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Production chandeliers society MT Lighting specializes in the production of Venetian chandeliers.
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Chandelier
A chandelier is a decorative ceiling-mounted light fixture. Chandeliers are often ornate, and normally use lamps. Crystal chandeliers have more or less complex arrays of crystal prisms to illuminate a room with refracted light.
The word chandelier appeared in the English language in the late 14th century, borrowed directly from 12th-century Old Spanish. This was a new spelling of the 10th-century French word chandelabre, which comes from the Latin candelabrum, itself from the Latin candela (meaning candle).

The earliest candle chandeliers were used by the wealthy in medieval times. They were generally wooden crosses, with spikes on which candles were secured. They were hoisted to a suitable height, hooked on a rope or chain.
From the 15th century, more complex forms of chandeliers, based on ring or crown designs, became popular decorative features in palaces and homes of nobility, clergy and merchants. Its high cost made the chandelier a symbol of luxury and status.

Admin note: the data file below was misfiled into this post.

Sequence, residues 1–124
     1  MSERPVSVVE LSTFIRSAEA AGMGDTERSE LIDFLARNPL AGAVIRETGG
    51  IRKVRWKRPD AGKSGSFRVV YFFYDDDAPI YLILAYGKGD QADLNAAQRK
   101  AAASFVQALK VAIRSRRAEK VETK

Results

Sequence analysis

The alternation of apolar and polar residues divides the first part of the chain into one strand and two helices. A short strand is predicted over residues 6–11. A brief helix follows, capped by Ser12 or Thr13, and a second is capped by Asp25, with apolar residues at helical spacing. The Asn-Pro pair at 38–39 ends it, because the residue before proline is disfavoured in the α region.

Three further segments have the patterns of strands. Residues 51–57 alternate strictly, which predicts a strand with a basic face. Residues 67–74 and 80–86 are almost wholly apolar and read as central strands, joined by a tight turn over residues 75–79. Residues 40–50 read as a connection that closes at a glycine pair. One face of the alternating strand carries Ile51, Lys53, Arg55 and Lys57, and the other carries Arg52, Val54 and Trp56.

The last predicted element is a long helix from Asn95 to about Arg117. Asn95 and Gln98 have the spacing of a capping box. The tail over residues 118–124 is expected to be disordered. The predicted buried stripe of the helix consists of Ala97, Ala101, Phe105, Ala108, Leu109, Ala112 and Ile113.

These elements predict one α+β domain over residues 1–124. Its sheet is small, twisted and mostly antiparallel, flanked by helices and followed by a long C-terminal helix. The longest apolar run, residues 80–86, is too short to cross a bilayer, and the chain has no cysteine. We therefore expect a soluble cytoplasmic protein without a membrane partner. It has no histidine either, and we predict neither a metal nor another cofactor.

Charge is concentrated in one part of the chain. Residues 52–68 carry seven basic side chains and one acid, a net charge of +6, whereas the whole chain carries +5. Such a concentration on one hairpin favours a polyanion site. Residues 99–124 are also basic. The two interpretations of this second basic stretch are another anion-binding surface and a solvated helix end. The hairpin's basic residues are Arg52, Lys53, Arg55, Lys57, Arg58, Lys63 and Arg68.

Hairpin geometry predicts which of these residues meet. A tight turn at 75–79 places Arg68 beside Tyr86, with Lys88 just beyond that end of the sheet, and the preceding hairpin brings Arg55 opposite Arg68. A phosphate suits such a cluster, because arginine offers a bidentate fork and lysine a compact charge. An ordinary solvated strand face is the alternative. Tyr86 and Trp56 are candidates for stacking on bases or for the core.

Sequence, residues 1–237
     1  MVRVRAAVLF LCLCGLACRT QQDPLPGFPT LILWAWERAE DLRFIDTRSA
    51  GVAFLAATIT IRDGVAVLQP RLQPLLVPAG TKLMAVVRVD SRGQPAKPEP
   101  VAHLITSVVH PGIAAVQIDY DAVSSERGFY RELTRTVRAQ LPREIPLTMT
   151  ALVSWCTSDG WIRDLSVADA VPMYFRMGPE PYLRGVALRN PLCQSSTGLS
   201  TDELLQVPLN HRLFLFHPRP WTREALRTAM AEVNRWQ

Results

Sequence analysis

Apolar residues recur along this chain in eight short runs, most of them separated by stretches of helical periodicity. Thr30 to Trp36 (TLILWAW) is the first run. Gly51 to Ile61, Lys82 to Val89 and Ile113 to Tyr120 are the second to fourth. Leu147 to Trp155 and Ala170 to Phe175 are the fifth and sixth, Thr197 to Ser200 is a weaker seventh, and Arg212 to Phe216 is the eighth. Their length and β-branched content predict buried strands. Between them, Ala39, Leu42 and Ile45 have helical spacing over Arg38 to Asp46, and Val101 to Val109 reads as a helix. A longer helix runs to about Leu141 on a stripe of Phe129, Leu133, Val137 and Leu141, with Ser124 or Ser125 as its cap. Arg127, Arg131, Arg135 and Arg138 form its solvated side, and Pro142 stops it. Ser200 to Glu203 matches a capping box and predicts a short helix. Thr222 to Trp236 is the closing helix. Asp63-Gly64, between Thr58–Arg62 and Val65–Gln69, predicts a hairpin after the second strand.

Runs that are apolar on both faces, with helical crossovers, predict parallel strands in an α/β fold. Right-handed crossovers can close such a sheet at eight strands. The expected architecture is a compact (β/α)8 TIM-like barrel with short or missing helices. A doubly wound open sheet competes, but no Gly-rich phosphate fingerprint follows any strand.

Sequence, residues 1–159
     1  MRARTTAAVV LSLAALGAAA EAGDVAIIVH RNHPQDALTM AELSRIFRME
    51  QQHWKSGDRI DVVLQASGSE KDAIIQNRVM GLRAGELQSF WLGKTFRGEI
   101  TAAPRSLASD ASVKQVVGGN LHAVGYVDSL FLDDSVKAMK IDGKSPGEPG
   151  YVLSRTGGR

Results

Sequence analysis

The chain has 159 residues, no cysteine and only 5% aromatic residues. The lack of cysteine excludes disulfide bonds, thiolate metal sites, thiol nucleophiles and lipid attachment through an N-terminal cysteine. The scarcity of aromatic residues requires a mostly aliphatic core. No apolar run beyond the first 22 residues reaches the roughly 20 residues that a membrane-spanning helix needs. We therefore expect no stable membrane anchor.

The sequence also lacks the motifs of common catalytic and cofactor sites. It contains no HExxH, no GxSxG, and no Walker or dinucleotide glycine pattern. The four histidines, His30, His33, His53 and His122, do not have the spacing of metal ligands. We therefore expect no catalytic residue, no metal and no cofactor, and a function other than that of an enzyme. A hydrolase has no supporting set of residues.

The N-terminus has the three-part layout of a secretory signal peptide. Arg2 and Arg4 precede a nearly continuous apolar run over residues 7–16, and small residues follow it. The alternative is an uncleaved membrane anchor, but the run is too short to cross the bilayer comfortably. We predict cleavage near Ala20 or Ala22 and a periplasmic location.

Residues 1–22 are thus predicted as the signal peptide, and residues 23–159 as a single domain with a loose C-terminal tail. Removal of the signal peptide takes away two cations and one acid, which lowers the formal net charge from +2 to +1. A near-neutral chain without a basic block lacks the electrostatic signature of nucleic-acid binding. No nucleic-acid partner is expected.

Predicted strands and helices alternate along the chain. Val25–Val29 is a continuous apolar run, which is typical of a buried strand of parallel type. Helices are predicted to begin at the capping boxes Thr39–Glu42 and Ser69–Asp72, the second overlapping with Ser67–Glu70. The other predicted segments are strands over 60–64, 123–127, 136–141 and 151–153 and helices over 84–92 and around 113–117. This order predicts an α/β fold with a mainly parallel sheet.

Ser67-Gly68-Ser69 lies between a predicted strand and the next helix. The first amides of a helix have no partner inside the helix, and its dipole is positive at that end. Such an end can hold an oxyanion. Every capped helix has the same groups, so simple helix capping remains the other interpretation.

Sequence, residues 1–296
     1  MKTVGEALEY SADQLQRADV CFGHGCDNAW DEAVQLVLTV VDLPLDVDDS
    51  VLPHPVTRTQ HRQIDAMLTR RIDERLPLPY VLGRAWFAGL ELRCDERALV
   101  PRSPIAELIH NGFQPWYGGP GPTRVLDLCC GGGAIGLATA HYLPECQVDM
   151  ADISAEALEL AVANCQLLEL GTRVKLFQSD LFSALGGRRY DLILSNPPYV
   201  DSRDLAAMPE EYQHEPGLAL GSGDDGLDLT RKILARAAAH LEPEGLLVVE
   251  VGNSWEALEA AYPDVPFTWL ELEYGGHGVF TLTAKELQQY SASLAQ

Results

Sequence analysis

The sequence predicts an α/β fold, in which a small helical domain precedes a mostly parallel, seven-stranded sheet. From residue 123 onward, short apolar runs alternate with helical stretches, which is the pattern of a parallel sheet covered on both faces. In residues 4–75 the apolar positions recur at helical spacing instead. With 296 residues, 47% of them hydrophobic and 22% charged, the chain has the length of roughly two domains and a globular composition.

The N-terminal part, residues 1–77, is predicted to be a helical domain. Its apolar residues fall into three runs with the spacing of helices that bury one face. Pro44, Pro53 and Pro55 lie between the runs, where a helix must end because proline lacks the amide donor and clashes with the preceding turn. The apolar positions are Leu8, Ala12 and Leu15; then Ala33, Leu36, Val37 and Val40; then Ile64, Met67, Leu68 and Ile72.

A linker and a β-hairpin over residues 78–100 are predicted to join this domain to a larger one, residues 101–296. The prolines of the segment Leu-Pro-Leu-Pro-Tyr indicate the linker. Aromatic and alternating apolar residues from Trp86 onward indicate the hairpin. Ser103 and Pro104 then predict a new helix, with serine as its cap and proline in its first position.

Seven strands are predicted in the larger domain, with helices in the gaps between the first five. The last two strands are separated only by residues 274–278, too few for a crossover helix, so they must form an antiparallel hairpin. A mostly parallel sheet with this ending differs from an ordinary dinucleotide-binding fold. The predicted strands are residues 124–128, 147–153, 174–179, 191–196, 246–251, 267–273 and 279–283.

By the early 18th century, ornate cast ormolu forms with long, curved arms and many candles were in the homes of many in the growing merchant class. Neoclassical motifs became an increasingly common element, mostly in cast metals but also in carved and gilded wood. Developments in glassmaking later allowed cheaper production of lead crystal, the light scattering properties of which quickly made it a popular addition to the form, leading to the crystal chandelier.
In the mid-19th century, as gas lighting caught on, branched ceiling fixtures called gasoliers (a portmanteau of gas and chandelier) were produced, and many candle chandeliers were converted. By the 1890s, with the appearance of electric light, some chandeliers used both gas and electricity. As distribution of electricity widened, and supplies became dependable, electric-only chandeliers became standard.
More complex and elaborate chandeliers continued to be developed throughout the 18th and 19th centuries, but the widespread introduction of gas and electricity had devalued the chandelier's appeal as a status symbol.
Toward the end of the 20th century, chandeliers were often used as a decorative focal points for rooms, and often did not illuminate.